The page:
It is perhaps worthwhile to formalize this, to define and extend
traditional naive set theory algebraically just a bit to encompass the
null set, the ``set of all things that cannot be put into sets'', where
we insist that all subsets in any set theory *already* de facto
include the empty set, so that this ``set'' isn't one and is necessarily
distinct from the empty set.

First, like good algebracians let us give the null set the symbol
suggested above: . This will help us differentiate it from the
empty set . To simplify the algebra and show cleanly that the
empty set is inside of it, we will introduce at the beginning an ``empty
object'' which is in our existential set Universe. Rather than
introduce an extra ``empty object placeholder'' in a list of objects
(which would work just fine) we will treat the *brackets
themselves*, the set boundary, as the empty object.

Then given a Universal set of objects with their
identity subsets
(recognizable as permutations of all the group's objects one at a time
and the *implicit* empty identity subset (the
permutation of all the group objects zero objects at a time), they can
be grouped into subsets in many ways via the union process
e.g. :
where in particular
. Each of these subgroups represents a
unique (unordered) permutation of the set objects. Note well that *all sets* include the brackets and hence the empty set.

In spite of the apparently discrete index on the set objects, do not be
fooled - this index is discrete only in the sense of indicating
uniqueness and should not be taken to mean that we can actually
algebraically *specify* all the identity subsets for any given space
in the sense of creating a mapping between some set of symbols and the
set objects. In this I am being no sloppier, really, than any set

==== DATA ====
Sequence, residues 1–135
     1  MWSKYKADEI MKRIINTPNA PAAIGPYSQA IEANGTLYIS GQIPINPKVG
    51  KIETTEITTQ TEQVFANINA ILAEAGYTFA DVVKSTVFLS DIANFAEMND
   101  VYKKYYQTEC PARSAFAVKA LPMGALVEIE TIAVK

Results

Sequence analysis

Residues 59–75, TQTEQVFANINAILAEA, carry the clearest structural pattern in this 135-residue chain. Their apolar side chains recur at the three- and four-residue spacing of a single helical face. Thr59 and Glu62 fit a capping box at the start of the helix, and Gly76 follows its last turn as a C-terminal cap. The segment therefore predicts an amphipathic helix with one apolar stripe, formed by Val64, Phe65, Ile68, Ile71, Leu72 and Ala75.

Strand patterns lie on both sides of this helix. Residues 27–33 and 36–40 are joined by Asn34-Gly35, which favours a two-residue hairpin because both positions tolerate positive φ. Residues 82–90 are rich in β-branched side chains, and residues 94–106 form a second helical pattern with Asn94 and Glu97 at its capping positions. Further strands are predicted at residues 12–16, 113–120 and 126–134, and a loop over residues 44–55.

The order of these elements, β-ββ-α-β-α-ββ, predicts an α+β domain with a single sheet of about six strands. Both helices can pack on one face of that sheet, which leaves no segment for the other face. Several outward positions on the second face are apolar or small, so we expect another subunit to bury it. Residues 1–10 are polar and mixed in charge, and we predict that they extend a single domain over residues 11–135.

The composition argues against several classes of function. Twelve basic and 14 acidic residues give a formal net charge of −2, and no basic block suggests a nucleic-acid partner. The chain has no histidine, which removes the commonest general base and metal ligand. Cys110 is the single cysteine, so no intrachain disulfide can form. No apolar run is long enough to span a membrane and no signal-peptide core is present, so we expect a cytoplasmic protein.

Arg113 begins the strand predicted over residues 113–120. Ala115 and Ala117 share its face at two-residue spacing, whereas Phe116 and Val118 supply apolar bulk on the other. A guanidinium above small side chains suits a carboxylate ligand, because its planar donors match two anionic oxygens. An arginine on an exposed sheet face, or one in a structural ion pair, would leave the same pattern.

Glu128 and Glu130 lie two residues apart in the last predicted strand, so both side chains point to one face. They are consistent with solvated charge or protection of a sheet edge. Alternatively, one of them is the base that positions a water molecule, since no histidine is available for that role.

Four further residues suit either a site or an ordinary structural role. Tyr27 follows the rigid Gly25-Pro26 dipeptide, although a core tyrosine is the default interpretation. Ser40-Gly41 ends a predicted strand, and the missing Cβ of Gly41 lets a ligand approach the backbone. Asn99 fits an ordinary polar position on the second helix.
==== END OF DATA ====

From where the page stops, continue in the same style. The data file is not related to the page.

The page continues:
theorist is when discussing a set that might have infinite
cardinality (uncountably infinitely many members) such as any interval
of the real number line.

In English, these existential set theoretic statements say that all things that exist (set objects) can be placed in identity subsets, the union of all things that exist is all things that exist and that all non-empty subsets of all things that exist can be built out of unions of identity subsets (all of which seems pretty obviously true, given a Universal set of ``things that exist'' and a union and permutation process capable of handling continuum manifolds if that is what the Universal set happens to be).

Given this, the following three statements (plus the notion that any given subgroup can be formed by - or better yet selected out of the permutations of - the unions of identity groups) fully specify the notion of the Law of Identity:

(3.4) |

(3.5) |

(3.6) |

In this approach we *do not require any special treatment of the
empty set* in the algebra. It is just the ``zero'' of the algebra and
lies within it just as in arithmetic so all numbers
``contain zero'', and can be (the empty object) as
easily as a nonempty member.

Now, however, we *add* the following `black hole'' relations:

(3.7) |

(3.8) |

These are *very different from the properties of the empty set!* Set
operations involving (the undefined or null set) are without
exception themselves *undefined or null*. One *cannot* in any
sensible way take the union of ``undefined'' (which is neither an object
nor the absence of an object) with a list of objects and end up with a
list of objects, not even an empty one. Nor can one take the
intersection. isn't, really, a set and doesn't live ``in'' the
Universe .